• Regular hourly rate or rates
  • Overtime rate or rates
  • Number of regular hours worked
  • Number of overtime hours worked

Notification of Changes

Finally, whenever any of the information provided in either the new hire notice or the annual notice is changed, the employer must notify the employee in writing at least 7 calendar days before the change. This notification is not necessary if the changed information is reflected in the employee wage statement described above. Nothing in the statute prohibits electronic notification of changes, and there is no primary language requirement.

Effective Date of Wage Theft Prevention Act is April 9

February 7, 2011

By Subhash Viswanathan

On December 15, 2010, we reported that former New York Governor David Patterson signed the Wage Theft Prevention Act (the “Act”) into law on December 13, 2010. Because the Act states that it shall take effect 120 days after it is signed into law, we reported the effective date as Tuesday, April 12, 2011. However, it appears that Governor Patterson signed the Act twice – first on December 10, 2010 and then again during a public ceremony on December 13. Because the Act was first signed into law on December 10, 2010, the effective date is actually Saturday, April 9, 2011. As a result, employers must implement the Act’s new notice, employee acknowledgment and record retention requirements by April 9, 2011. Because implementation may require significant changes in current policies and procedures, employers should begin a review of payroll and wage notification practices now.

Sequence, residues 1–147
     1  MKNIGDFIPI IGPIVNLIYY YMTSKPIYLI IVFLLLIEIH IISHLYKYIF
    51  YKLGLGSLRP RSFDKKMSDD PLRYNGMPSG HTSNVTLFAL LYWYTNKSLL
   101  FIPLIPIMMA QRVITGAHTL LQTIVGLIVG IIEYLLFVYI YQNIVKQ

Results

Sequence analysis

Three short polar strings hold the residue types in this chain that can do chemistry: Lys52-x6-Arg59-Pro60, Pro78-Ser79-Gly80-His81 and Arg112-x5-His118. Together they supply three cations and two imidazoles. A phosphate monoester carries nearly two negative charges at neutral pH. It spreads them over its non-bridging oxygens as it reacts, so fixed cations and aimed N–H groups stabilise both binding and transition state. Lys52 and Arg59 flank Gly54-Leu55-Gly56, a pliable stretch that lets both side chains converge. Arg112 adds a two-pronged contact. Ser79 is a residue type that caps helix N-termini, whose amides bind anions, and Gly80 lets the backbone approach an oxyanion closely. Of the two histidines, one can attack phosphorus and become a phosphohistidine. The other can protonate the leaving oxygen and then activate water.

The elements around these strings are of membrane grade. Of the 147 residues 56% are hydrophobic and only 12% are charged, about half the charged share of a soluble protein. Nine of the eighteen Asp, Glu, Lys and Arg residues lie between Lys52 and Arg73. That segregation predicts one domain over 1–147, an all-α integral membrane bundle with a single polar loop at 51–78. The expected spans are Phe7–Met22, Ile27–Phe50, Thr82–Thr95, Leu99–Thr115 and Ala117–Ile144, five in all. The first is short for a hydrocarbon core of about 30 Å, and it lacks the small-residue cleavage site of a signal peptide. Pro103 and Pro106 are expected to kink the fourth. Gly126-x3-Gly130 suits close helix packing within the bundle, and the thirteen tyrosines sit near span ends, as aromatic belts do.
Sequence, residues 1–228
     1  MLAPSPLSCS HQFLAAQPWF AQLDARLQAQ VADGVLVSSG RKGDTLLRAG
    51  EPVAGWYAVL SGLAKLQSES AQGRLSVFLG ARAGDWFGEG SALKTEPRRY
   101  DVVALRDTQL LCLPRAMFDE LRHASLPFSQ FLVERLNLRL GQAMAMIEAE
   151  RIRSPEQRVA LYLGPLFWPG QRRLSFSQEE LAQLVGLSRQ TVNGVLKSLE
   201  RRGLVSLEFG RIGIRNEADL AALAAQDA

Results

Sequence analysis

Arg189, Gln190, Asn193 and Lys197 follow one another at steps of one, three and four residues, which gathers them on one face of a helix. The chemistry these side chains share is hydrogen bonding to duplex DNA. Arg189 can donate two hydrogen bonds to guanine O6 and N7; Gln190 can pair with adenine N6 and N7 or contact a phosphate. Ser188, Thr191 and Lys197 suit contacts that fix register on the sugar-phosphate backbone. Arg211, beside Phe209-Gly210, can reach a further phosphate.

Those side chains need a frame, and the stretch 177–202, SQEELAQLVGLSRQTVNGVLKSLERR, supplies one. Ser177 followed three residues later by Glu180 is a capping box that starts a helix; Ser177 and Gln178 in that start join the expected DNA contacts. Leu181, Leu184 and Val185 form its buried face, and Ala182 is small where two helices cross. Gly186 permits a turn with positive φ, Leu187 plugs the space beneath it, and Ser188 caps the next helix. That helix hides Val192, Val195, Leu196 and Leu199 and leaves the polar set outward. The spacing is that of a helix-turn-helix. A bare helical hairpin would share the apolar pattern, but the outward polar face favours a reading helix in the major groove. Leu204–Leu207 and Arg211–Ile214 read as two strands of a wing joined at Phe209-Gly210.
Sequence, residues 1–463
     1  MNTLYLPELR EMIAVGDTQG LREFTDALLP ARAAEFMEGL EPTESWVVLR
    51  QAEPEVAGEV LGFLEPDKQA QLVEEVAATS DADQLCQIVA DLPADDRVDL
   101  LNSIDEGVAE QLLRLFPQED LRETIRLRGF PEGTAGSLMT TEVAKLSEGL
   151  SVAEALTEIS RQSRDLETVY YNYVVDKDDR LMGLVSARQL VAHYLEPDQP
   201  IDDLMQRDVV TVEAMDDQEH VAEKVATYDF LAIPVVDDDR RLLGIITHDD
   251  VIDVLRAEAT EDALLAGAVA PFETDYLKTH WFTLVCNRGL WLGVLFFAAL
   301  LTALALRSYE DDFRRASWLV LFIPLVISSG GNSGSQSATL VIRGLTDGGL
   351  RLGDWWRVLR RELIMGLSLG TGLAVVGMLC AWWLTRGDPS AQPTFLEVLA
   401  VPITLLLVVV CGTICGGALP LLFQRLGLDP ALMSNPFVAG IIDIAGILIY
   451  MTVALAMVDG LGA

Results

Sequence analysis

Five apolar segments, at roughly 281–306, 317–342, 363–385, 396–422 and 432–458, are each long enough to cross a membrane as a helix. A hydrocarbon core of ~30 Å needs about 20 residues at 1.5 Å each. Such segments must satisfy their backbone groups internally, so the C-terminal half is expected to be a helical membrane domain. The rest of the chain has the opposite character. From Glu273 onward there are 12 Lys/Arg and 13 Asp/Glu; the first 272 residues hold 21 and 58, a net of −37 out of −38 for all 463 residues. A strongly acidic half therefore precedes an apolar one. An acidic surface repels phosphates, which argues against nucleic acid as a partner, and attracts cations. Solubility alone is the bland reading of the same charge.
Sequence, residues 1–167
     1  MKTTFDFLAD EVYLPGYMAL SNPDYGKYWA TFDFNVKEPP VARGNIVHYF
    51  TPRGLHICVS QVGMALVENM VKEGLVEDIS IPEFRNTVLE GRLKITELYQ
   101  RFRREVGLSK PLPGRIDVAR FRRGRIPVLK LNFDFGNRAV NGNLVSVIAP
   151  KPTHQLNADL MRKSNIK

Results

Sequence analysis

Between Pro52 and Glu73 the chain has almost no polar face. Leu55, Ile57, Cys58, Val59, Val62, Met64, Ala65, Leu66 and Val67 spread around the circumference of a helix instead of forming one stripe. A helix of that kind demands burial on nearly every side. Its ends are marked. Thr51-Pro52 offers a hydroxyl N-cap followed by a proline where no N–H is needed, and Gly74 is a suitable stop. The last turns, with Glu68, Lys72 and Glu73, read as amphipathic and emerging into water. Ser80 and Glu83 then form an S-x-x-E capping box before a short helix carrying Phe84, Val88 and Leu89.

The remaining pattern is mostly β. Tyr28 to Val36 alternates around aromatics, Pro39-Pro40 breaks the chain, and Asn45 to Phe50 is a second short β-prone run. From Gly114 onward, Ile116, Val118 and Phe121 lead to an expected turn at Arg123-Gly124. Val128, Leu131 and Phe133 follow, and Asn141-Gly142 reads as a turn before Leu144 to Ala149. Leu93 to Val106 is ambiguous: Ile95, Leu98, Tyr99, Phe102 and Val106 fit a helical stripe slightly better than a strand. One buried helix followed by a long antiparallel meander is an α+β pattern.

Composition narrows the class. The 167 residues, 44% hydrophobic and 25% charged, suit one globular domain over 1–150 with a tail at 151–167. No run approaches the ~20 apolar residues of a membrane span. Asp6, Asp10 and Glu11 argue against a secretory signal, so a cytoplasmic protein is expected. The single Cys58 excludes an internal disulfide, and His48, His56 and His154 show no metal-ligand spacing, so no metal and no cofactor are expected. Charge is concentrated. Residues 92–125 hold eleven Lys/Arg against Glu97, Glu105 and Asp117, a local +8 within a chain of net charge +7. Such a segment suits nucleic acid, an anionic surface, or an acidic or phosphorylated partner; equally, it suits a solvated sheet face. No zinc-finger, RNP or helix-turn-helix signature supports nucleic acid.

Department of Labor Implements Hospitality Industry Wage Order

January 19, 2011

By Subhash Viswanathan

The New York State Department of Labor’s Hospitality Industry Wage Order, which is intended to combine and replace the Wage Orders formerly applicable to the Restaurant Industry and Hotel Industry, became effective on January 1, 2011. The Department of Labor has issued a notice to employers that it will exercise discretion with regard to enforcement until February 28, 2011, in order to allow employers sufficient time to come into compliance, but expects that employees covered by the Wage Order will be paid any additional wages owed to them by March 1, 2011 or the next regularly scheduled pay day after March 1, 2011. The additional wages must be computed retroactively to January 1, 2011. Employers covered by the Wage Order are required to post a notice to employees regarding the implementation period and their right to retroactive payment of wages.

The Wage Order makes several changes to the rules governing the payment of wages to employees in restaurants and hotels. Some of the significant changes are described below.

Tip Credit

Under the former Restaurant Industry Wage Order, employers were required to pay food service workers at least $4.65 per hour, as long as the tips received by those workers added to their hourly wages equaled or exceeded the minimum wage of $7.25 per hour. Under the new Hospitality Industry Wage Order, food service workers must receive an hourly wage of at least $5.00 per hour, as long as the amount of their tips added to their hourly wages is sufficient to equal or exceed the minimum wage. Service employees who do not work in resort hotels must be paid at least $5.65 per hour (up from a minimum of $4.90), as long as the amount of their tips added to their hourly wages is sufficient to equal or exceed the minimum wage. In resort hotels, service employees may be paid a minimum of $4.90 per hour (up from $4.35) as long as the weekly average of their tips is at least $4.10 per hour.